Professor E. C. Caldwell ended his lecture, “Tomorrow,” he said to his class of seminary students, “I will be teaching on Romans 8. So tonight, as you study, pay special attention to verse 28. Notice what this verse truly says, and what it doesn’t say.” Then he added, “One final word before I dismiss you—whatever happens in all the years to come, remember: Romans 8:28 will always hold true.”

That same day Dr. Caldwell and his wife met with a tragic car-train accident. She was killed instantly and he was crippled permanently. Months later, Professor Caldwell returned to his students, who clearly remembered his last words. The room was hushed as he began his lecture.

“Romans 8:28,” he said, “still holds true. One day we shall see God’s good, even in this.”

Our Daily Bread, 12-19-91

He Writes

He writes in characters too grand
For our short sight to understand;
We catch but broken strokes, and try
To fathom all the mystery

Of withered hopes, of death, of life,
The endless war, the useless strife—
But there, with larger, clearer sight,
We shall see this—His way was right.

John Oxenham, Source unknown

Snoballs in Summer

Stanley Arnold was a man with million-dollar ideas. Peter Hay tells us about one of them in the Book of Business Anecdotes (Facts on File Publications, NYC and Oxford, England). Some years ago, Arnold was managing one of his father’s 15 Pick-N-Pay stores in Cleveland, Ohio, when a blizzard hit town. The city was paralyzed, and all 15 stores were empty. Employees who had reported to work didn’t have much to do—until Arnold came up with his idea. He had the employees make snowballs—7,900 of them. They he had the snowballs packed into grapefruit crates and transported to a deep-freeze facility. Then he asked the Weather Bureau when he could expect the hottest day of the year. They told him mid-July. Armed with this information, Arnold took a train to New York and went to see Charles Mortimer, then president of General Foods. He proposed a joint promotional sale of General Food’s newly introduced Birds Eye frozen foods. The sale was to be held in mid-July, and young Mr. Arnold wanted General Foods to provide an array of prizes. The sale was to be called “A Blizzard of Values.” As his contribution, Arnold proposed to give away snowballs. General Foods agreed to cooperate.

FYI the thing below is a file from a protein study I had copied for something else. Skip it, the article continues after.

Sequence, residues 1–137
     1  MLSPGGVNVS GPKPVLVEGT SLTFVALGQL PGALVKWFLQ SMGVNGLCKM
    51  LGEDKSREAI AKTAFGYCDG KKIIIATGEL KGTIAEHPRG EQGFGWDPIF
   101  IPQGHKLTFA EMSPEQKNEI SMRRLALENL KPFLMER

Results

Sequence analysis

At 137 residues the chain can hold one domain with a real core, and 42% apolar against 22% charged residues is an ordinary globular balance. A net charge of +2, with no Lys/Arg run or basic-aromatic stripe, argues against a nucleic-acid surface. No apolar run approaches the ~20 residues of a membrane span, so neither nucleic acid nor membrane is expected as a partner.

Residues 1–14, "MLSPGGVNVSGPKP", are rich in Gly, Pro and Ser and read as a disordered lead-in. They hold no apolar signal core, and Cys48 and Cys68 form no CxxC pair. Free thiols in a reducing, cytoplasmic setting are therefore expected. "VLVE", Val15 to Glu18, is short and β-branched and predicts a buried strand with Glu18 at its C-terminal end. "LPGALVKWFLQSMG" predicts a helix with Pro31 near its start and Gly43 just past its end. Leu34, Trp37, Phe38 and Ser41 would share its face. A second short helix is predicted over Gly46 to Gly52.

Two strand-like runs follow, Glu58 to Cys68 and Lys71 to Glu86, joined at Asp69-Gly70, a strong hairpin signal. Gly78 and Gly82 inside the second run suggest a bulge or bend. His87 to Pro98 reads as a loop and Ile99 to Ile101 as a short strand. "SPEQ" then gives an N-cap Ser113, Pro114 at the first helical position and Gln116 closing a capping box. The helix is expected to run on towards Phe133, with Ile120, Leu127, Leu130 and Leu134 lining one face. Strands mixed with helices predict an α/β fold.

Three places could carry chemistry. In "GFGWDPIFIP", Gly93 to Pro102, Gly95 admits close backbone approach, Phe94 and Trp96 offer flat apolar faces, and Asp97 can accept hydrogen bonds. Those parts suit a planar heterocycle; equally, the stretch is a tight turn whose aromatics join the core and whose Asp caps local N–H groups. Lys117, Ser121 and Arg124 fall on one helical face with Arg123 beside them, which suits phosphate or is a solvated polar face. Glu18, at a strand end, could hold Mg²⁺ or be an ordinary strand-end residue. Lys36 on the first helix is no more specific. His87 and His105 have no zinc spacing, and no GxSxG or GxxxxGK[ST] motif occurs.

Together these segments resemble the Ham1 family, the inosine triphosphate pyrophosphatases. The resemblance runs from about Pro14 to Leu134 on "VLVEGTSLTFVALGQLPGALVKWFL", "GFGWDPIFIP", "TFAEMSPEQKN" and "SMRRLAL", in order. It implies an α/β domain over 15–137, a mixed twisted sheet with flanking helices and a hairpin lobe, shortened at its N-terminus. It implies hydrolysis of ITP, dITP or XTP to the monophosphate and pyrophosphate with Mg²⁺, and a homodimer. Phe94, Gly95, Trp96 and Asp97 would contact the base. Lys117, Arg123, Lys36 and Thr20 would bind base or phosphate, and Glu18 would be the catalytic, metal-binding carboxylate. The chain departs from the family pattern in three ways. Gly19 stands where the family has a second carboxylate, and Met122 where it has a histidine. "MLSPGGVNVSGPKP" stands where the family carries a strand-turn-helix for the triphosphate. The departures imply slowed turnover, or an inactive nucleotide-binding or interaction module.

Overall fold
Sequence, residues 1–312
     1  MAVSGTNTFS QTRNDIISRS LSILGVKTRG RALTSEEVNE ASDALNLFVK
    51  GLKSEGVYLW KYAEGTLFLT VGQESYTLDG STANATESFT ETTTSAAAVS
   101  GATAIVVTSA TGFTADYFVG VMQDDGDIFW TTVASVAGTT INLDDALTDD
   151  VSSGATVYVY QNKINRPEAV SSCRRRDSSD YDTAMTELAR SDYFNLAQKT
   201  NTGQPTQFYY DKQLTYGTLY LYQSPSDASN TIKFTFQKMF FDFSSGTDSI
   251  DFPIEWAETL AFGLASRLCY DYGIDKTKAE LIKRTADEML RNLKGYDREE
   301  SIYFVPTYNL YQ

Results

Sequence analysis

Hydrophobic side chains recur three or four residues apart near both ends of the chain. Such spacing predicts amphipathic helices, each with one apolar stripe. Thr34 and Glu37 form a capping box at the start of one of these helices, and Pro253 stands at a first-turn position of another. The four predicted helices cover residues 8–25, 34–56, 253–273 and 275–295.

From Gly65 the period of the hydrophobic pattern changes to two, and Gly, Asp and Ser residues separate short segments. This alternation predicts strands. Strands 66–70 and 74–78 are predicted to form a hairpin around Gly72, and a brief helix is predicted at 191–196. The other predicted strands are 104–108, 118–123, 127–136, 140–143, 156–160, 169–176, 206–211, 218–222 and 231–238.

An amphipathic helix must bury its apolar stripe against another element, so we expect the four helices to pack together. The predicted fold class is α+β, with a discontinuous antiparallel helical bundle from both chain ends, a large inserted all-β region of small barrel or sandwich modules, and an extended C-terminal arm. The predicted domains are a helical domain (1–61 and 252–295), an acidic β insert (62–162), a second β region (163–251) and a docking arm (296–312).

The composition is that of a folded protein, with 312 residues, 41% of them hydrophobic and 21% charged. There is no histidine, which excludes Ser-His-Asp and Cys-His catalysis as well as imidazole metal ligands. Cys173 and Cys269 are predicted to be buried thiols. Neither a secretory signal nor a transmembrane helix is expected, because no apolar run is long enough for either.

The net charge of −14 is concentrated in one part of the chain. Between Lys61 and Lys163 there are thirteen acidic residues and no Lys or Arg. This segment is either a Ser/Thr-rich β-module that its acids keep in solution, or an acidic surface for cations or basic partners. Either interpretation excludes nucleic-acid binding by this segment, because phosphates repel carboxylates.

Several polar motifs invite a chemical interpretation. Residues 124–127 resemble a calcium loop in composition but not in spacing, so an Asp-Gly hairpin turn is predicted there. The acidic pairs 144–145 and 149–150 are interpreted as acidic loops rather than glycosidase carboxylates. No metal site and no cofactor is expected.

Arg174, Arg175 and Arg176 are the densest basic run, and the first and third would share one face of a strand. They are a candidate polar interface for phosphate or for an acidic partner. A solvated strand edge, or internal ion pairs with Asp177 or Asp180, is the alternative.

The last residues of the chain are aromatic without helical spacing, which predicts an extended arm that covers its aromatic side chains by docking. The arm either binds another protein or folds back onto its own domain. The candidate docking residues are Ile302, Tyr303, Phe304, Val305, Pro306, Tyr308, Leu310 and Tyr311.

Summer came, and it turned out to be 100 degrees on the sale date. Police had to be called to control the crowds. During the five days of Pick-N-Pay’s “Blizzard of Values,” some 40,000 General Foods samples were given away, along with 7,900 grapefruit-sized snowballs. Thousands of customers were introduced to the new products, and the food industry discovered what excitement could do for sales.

Bits and Pieces, January, 1990, p. 17


It was 1818 in France, and Louis, a boy of 9, was sitting in his father’s workshop. The father was a harness-maker and the boy loved to watch his father work the leather. “Someday Father,” said Louis, “I want to be a harness-maker, just like you.”

“Why not start now?” said the father. He took a piece of leather and drew a design on it. “Now, my son,” he said, “take the hole-puncher and a hammer and follow this design, but be careful that you don’t hit your hand.”